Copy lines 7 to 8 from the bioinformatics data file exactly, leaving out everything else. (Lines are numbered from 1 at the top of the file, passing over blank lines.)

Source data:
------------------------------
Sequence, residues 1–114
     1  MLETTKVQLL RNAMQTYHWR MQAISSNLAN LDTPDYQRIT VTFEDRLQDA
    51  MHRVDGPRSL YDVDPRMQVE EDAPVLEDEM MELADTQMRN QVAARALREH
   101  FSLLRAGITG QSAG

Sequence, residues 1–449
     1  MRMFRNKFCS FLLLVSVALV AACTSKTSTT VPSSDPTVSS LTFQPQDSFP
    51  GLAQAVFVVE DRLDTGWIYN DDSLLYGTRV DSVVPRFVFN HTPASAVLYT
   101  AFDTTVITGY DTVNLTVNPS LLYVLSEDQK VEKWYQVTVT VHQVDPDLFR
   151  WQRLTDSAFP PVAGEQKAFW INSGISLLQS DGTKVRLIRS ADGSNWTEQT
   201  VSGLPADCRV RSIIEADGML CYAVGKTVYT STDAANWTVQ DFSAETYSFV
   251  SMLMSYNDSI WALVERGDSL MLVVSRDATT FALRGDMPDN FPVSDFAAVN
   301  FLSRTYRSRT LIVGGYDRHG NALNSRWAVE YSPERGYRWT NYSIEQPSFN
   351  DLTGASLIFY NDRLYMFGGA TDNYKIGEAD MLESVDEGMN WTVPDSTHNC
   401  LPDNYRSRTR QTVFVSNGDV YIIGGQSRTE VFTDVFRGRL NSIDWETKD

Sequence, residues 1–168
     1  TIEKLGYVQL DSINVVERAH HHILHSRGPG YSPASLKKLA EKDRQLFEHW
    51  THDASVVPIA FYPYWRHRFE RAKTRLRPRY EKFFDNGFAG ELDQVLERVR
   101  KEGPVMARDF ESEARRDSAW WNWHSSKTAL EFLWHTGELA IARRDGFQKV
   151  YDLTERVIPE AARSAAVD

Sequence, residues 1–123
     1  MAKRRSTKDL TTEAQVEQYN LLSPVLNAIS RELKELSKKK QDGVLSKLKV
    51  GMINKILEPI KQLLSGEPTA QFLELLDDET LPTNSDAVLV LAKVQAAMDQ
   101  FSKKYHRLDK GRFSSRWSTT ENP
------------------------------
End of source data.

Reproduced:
    51  GLAQAVFVVE DRLDTGWIYN DDSLLYGTRV DSVVPRFVFN HTPASAVLYT
   101  AFDTTVITGY DTVNLTVNPS LLYVLSEDQK VEKWYQVTVT VHQVDPDLFR